Van Vleck and Cundiff (1998) similarly found that there were no significant differences between sexes for age-of-dam effects for birth weight (Table 7). Mature dams were considered to be 5- to 9-year-old dams and solutions for effects of age consistently increased to maturity and then decreased for 10-year-old and older dams, indicating that calves out of young and old dams are born smaller than calves out of mature dams.
Using data from one purebred Hereford herd in southern Ohio, Swiger (1961) estimated age-of-dam adjustment factors for birth weight and, in contrast with other studies, found a difference due to sex of calf of 1.77 kg with bulls being heavier. There were 793 birth weight records available, collected from 1950 to 1958. Age-of-dam adjustment factors were set to a 2-year-old base, but when converted to a base more similar to other studies (i.e., 5- to 7-year-old dams), results are similar to what other researchers have found with birth weight adjustment factors steadily decreasing until maturity and then increasing again with older cows. Although age-of-dam groups were 2-, 3-, 4-, 5- to 7-, 8- to 12-, and 13- to 17-year-old dams, the 5- to 7-year-old and 8- to 12-year-old groups resulted in the exact same adjustment factors and could be considered to be the same group (Table 8).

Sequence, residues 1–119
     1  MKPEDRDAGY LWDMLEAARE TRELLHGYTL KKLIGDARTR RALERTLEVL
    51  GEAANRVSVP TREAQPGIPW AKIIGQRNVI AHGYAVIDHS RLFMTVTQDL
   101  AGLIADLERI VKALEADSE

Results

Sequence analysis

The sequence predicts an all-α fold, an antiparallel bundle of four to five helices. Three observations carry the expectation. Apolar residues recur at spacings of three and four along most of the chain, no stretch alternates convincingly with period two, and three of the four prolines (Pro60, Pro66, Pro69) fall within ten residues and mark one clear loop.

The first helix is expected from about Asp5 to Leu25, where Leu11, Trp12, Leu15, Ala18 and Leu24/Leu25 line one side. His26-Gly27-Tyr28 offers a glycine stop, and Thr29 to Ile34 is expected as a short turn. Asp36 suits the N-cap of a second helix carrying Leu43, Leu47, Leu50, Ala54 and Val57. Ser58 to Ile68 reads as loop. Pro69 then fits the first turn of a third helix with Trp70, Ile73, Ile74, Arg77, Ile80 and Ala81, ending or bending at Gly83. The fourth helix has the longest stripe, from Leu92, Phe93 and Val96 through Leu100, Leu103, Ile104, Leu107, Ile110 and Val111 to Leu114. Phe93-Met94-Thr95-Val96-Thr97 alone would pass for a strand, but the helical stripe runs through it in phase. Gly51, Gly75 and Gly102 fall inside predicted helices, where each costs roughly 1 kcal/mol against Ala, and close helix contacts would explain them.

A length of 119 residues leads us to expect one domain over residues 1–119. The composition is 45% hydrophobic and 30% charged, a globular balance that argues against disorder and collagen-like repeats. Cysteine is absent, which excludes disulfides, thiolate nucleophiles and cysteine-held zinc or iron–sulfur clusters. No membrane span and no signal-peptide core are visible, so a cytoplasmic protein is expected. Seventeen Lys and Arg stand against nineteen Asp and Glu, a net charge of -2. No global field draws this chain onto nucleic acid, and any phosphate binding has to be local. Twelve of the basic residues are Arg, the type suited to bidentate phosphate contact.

Although only a brief summary of a few of the numerous studies to estimate birth weight age-of-dam adjustment factors, the general consensus is that age-of-dam adjustments are necessary and are generally uniform across sexes. Across breeds, there may be more variability.
ADJUSTMENT FACTORS FOR WEANING WEIGHT
Additive adjustment factors have been shown to be sufficient to adjust weaning weight data within sex (Koch et al., 1959; Brinks et al., 1961; Cundiff et al., 1966b). As previously reviewed, the consensus for birth weight records was that there is usually no sex by age-of-dam interaction, meaning that all calves can receive the same age-of-dam adjustment regardless of sex. Schaeffer and Wilton (1974) found that there was a significant age-of-dam by sex interaction with average daily gain from birth to weaning. Combining these two facts, it can easily be seen that age-of-dam adjustment factors for weaning will most likely be different for the sexes, which has been proven and supported in many studies.